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Everybody loves Irises for their big, colorful flowers, but when the blooms are over, the plants sort of fade into the background. Not so with Variegated Dalmatian Iris. This arresting Spirit produces a plethora of beautiful lavender blooms in late spring, but that’s not the end of the show. Throughout the growing season, you’ll enjoy its striking gray-green and cream-striped leaves. In mild areas, the foliage remains showy into December. Variegated Dalmatian Iris makes a pleasing pop of color in your entryway garden, mixed border, or patio plantings. It’s happy in sun or part shade.
- Hardiness Zone: 4-9
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Dalmatian Iris… no, it isn’t covered in black spots, but it does come from the same place as the famous firehouse dog. Dalmatia is a region along the coast of Croatia. Another name for this plant is Sweet Iris, because the blossoms smell sweet—like grape soda! The roots have a fabulous fragrance as well; they’re used in making perfumes. This flashy variation with the cream-striped leaves has been around for a long time. No one is sure where or when it originated, but it has been passed along from garden to garden for ages.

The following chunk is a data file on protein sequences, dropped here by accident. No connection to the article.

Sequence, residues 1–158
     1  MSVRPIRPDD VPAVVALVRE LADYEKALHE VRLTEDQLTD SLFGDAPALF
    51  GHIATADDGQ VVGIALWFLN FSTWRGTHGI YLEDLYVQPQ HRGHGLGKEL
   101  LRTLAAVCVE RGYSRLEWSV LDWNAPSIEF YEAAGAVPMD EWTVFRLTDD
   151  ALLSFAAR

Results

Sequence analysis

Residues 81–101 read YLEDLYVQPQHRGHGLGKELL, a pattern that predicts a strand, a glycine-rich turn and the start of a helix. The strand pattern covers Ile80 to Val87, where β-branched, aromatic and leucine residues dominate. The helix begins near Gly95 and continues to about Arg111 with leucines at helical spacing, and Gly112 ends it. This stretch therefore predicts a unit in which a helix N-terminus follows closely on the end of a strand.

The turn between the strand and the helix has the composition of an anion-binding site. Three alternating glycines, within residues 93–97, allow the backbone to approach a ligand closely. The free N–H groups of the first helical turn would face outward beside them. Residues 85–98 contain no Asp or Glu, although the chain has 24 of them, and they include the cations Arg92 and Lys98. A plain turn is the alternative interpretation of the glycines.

Variegated Dalmatian Iris is a type of bearded Iris. You’ll see the fuzzy yellow beards on the three lower petals. Plant breeders love this species of Iris for its tough constitution and showy, fragrant flowers. They have utilized it as a parent to thousands of varieties of Hybrid Tall Bearded Irises—those popular Spirits that come in every color of the rainbow.
How to Grow
Adaptable and unfussy, Variegated Dalmatian Iris is easy to please, provided a few conditions are met. Most important is good drainage. Soggy soils spell trouble (root rot), especially in the winter. Planting too deeply can also increase chances of root rot; the top half of the rhizomes (the swollen roots) should rest above the soil’s surface. All-day sun will produce the most blooms, but part shade is acceptable if foliage is your focus. In the midwestern and eastern states, keep an eye out for Iris borers, which burrow into the rhizomes. Destroy any infested sections—do not compost them.
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